Civil Action No. 96-438 (CKK).
August 1, 2006.
Carl L. Messineo, Mara Elizabeth Verheyden-Hilliard, Partnership for Civil Justice, Inc., Maureen F. Del Duca, Federal Communications Commission, Washington, DC, Jennifer K. Harbury, Cambridge, MA, for Plaintiff.
Lisa Sheri Goldfluss, Robert Craig Lawrence, Kimberly Nickelson Tarver, U.S. Attorney's Office, Washington, DC, for Defendants.
Plaintiff Jennifer K. Harbury brought this action on her own behalf and as administratrix of the estate of her deceased husband, Efrain Bamaca-Velasquez ("Bamaca"), on March 7, 1996 against the Central Intelligence Agency ("CIA"), the Department of State ("State"), and the National Security Council ("NSC"), as well as numerous named individual employees within each of those agencies. Plaintiff's Complaint, as amended, included twenty-eight (28) counts alleging violations variously of constitutional law, international law, and common law arising from the alleged imprisonment, torture, and death in Guatemala of her husband, a guerilla rebel leader in the Guatemalan resistance movement in the early 1990s. See Pl.'s Second Am. Compl. ¶¶ 103-244. Following a series of opinions by this Court, the United States Court of Appeals for the District of Columbia Circuit, and the Supreme Court, six counts in Plaintiff's Second Amended Complaint remain viable — Counts 18-19 (intentional infliction of emotional distress), Counts 20-22 (negligent supervision), and Count 28 (emotional distress/loss of companionship).
The lead named defendant in Plaintiff's Second Amended Complaint is John M. Deutch, former Director of the CIA who headed the agency from 1995-1996. Pursuant to Rule 25(d)(1) of the Federal Rules of Civil Procedure, the Court substitutes Michael V. Hayden, the current Director of the CIA, as the named defendant.
Currently before the Court is Defendant's Motion to Dismiss All Remaining Counts of the Complaint Pursuant to Federal Rule of Civil Procedure 12(h)(3) (hereinafter, "Defendant's Motion to Dismiss"), which contends that this Court lacks subject matter jurisdiction over Plaintiff's action following the Supreme Court's decision in Sosa v. Alvarez-Machain, 542 U.S. 692, 124 S.Ct. 2739, 159 L.Ed.2d 718 (2004) — a ruling that held that the Federal Tort Claims Act's ("FTCA") "foreign country exception," see 28 U.S.C. § 2680(k), "bars all claims based on any injury suffered in a foreign country regardless of where the tortious act or omission occurred." Sosa, 542 U.S. at 712, 124 S.Ct. 2739. Upon a searching examination of Defendant's motion, Plaintiff's Opposition, Defendant's Reply, Plaintiff's Surreply, Defendant's Surrebuttal, the relevant case law, and the entire record herein, the Court shall grant Defendant's Motion to Dismiss and shall dismiss all counts remaining in Plaintiff's action for lack of subject matter jurisdiction pursuant to Federal Rule of Civil Procedure 12(b)(1).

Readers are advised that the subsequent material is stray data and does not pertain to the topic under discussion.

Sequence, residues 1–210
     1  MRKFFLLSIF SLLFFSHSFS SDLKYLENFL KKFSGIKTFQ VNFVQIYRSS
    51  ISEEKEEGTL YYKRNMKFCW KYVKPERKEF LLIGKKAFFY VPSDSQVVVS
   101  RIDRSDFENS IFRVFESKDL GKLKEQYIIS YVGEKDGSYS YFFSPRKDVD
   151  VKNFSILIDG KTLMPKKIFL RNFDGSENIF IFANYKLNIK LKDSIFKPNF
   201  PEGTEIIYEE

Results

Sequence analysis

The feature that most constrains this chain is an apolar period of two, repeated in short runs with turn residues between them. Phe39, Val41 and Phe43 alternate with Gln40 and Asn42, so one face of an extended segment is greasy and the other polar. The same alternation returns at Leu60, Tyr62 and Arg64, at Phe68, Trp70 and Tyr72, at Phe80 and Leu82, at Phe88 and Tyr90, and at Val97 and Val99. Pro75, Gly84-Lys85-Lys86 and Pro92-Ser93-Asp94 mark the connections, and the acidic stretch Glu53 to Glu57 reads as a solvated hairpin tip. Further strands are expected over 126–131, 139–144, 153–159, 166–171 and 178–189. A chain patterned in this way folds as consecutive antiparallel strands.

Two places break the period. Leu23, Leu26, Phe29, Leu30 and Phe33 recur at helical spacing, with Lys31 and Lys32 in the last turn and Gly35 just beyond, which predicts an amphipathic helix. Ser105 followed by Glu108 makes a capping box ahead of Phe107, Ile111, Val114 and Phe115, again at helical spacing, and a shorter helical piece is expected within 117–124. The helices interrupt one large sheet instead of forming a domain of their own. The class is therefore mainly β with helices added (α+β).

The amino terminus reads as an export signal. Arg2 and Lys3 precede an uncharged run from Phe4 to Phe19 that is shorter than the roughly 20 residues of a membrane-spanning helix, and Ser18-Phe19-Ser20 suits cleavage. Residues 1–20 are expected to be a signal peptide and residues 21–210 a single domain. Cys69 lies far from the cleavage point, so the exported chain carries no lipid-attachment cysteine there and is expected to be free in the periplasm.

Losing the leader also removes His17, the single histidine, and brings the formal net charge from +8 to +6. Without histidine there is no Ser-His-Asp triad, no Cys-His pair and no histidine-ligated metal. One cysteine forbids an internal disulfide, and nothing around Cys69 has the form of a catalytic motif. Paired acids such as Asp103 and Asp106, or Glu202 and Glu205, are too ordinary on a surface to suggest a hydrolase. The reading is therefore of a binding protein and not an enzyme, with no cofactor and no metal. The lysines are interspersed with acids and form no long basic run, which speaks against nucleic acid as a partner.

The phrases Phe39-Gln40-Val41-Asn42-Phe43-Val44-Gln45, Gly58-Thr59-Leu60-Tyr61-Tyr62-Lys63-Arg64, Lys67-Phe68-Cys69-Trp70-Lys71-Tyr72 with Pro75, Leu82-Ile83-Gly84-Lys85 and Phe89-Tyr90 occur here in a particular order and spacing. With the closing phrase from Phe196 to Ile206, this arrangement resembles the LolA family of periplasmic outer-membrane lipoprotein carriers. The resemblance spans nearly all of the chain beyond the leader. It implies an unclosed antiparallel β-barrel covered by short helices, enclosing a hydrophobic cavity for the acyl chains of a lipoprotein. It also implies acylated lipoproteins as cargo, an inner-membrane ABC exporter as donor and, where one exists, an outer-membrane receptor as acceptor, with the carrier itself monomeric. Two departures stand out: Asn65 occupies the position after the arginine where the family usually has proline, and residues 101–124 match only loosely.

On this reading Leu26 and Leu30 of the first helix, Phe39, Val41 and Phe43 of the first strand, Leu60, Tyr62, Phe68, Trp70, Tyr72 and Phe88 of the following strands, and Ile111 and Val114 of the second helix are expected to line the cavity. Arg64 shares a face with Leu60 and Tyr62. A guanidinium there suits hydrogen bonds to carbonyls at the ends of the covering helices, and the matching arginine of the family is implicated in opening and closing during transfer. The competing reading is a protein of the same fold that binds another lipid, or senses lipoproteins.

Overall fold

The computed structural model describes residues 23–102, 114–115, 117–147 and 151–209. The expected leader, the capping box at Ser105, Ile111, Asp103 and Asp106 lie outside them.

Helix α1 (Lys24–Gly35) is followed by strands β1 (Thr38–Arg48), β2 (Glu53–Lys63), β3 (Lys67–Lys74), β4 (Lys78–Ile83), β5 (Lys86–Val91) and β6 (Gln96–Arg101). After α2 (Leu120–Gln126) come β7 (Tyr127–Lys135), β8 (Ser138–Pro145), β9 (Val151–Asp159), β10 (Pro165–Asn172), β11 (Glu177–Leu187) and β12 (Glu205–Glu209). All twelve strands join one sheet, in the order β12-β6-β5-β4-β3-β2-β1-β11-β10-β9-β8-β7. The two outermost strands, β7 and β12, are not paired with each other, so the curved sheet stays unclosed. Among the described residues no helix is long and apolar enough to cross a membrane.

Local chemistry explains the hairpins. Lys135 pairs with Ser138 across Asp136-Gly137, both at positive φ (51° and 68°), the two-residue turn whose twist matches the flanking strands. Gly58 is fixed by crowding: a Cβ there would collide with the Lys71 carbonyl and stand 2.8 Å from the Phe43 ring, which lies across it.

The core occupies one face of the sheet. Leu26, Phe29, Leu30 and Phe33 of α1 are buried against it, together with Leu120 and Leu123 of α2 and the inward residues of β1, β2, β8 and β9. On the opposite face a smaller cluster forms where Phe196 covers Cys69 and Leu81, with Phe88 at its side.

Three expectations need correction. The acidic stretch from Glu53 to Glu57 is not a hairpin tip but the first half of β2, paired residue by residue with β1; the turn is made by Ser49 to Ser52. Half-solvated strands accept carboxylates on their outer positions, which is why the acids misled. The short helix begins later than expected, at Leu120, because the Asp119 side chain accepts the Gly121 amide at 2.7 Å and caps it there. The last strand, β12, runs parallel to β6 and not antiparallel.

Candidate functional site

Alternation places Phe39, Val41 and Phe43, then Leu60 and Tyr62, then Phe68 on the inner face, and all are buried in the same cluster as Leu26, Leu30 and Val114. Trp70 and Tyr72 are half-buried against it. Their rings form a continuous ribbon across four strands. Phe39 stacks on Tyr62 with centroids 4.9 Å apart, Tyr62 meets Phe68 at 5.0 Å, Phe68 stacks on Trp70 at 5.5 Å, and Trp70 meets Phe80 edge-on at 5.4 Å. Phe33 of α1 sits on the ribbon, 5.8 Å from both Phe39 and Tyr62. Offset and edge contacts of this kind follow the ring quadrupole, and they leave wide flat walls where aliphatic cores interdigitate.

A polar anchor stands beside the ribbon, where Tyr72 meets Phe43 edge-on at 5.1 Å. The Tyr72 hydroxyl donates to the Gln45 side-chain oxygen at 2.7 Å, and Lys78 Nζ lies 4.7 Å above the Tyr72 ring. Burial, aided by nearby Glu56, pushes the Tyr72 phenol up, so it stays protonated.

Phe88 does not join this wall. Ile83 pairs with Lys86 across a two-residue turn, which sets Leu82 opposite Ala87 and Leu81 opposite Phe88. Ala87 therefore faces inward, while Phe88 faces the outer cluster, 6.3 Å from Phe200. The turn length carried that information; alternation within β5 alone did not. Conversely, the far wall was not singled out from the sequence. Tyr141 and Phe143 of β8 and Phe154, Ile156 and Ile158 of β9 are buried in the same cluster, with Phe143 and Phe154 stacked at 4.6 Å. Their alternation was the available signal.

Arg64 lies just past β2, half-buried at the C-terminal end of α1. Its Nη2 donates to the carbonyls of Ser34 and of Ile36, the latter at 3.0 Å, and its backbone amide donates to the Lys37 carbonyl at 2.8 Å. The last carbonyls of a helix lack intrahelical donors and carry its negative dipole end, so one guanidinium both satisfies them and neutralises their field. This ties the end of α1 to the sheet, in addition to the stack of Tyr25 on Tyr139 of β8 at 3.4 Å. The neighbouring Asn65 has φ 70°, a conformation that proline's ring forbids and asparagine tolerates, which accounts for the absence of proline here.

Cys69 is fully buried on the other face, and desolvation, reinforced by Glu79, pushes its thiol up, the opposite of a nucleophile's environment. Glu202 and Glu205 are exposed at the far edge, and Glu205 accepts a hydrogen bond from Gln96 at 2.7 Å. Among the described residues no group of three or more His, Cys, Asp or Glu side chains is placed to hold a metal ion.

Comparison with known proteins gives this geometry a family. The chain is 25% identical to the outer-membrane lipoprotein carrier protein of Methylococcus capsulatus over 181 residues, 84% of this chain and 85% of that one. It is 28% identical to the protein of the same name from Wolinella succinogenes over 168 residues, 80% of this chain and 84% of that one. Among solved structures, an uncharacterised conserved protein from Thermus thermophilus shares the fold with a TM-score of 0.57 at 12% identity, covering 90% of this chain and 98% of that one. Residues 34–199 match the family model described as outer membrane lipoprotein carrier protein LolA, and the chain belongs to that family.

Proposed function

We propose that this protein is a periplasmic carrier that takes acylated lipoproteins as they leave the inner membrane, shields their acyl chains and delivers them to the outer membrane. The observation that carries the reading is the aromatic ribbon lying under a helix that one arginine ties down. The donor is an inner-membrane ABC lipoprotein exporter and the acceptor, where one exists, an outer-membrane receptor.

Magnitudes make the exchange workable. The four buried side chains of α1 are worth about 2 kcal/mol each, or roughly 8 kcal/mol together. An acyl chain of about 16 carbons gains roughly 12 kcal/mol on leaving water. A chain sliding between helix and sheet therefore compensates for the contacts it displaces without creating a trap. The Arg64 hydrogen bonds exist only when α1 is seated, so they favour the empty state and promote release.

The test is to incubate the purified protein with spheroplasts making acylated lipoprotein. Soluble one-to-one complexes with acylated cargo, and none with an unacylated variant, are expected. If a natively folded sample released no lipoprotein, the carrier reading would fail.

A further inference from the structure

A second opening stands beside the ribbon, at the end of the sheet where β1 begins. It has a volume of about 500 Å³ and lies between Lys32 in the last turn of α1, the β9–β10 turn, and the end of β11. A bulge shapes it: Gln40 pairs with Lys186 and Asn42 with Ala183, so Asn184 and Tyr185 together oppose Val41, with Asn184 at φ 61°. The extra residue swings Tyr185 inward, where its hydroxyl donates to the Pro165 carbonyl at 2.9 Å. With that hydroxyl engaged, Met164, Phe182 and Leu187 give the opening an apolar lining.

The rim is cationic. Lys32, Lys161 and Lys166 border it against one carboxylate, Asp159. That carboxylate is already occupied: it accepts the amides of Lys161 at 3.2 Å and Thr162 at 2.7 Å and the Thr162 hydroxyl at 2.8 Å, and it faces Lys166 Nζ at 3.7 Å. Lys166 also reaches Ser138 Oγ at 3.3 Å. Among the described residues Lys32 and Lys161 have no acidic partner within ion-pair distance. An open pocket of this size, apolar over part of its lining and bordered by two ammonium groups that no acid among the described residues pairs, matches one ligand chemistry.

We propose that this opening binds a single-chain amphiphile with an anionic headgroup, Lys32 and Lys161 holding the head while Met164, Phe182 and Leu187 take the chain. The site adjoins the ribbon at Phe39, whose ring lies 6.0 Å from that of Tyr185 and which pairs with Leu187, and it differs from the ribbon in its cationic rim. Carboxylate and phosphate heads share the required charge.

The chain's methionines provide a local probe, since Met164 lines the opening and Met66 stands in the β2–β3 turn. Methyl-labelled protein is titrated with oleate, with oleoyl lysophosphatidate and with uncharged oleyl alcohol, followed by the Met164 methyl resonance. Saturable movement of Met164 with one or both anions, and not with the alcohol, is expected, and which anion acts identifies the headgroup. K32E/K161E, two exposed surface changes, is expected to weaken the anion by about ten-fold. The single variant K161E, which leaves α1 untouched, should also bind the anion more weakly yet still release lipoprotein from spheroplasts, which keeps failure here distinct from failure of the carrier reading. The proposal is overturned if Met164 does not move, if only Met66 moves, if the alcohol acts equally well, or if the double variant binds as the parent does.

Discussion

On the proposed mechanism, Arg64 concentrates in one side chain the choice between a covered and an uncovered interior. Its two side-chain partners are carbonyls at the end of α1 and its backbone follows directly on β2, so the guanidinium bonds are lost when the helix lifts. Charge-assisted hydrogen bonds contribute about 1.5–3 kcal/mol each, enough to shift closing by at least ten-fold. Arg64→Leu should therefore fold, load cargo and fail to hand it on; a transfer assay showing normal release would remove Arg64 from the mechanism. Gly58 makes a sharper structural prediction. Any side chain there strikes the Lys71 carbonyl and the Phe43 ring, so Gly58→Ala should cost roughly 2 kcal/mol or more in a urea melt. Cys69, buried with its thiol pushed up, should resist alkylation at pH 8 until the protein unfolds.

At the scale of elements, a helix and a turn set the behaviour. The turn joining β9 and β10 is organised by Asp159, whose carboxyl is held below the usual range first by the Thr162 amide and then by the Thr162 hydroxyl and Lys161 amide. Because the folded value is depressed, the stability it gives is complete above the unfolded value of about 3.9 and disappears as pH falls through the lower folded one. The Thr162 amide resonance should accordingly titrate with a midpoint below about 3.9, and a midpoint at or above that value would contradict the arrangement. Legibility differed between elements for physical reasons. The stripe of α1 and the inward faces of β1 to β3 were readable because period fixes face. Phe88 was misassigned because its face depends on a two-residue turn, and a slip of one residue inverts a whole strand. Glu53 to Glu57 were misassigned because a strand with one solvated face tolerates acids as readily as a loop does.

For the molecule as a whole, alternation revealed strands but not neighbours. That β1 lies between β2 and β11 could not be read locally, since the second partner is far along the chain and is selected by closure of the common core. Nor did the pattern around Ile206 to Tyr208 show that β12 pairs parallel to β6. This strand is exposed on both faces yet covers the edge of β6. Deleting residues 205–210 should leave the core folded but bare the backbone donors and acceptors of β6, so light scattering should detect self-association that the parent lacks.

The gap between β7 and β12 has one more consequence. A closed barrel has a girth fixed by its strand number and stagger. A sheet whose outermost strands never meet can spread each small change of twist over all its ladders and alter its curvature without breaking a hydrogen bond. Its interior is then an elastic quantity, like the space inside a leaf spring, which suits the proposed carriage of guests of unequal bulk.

Given that the basic facts and allegations of this case have been fleshed out in great detail in previous decisions relating to this case, see, e.g., Christopher v. Harbury, 536 U.S. 403, 406-410, 122 S.Ct. 2179, 153 L.Ed.2d 413 (2002), the Court shall only briefly summarize the relevant background in this Memorandum Opinion. Plaintiff Jennifer K. Harbury, a United States citizen, is the widow of Efrain Bamaca-Velasquez, a Guatemalan citizen and rebel leader in the Guatemalan National Revolutionary Union ("U.R.N.G.") who vanished in his own country in March 1992. See Pl.'s Second Am. Compl. ¶¶ 9, 33-34. According to Plaintiff's allegations, Bamaca was captured by Guatemalan army forces, including officers who were trained in the United States and paid/used as informants by the CIA. Id. ¶¶ 35-42, 46-47. Bamaca was then summarily executed on orders of the same Guatemalan officers affiliated with the CIA, id. ¶¶ 48-49, sometime before September 1993, id. ¶¶ 66, 84.
Given that the Court is reviewing a motion to dismiss, the Court shall accept Plaintiff's factual allegations and take them in the light most favorable to her. See Leatherman v. Tarrant County Narcotics Intelligence Coordination Unit, 507 U.S. 163, 164, 113 S.Ct. 1160, 122 L.Ed.2d 517 (1993).
Plaintiff asserts that the CIA knew as early as March 18, 1992 that the Guatemalan army had captured Bamaca alive and shared this information with both the White House and the State Department. Id. ¶ 35. However, when Plaintiff sought aid from the State Department in the search for her husband, officials therein "intentionally misled" Plaintiff, by "deceptive statements and omissions, into believing that concrete information about her husband's fate did not exist because they did not want to threaten their ability to obtain information from Mr. Bamaca through his detention and torture." Id. ¶ 67. Throughout the period stretching from 1992 through 1995, Plaintiff was in frequent contact with the State Department, seeking to gain any information relating to her husband and participating in various hunger strikes to focus public attention on the issue. Id. ¶¶ 56-68, 70-71, 75, 80, 83. Plaintiff finally learned of her husband's death in March 1995 — nearly one and a half years after his apparent passing — when a congressman publicly announced that Bamaca had been killed on the orders of a Guatemalan army colonel who was also a paid contractor of the CIA. Id. ¶ 91.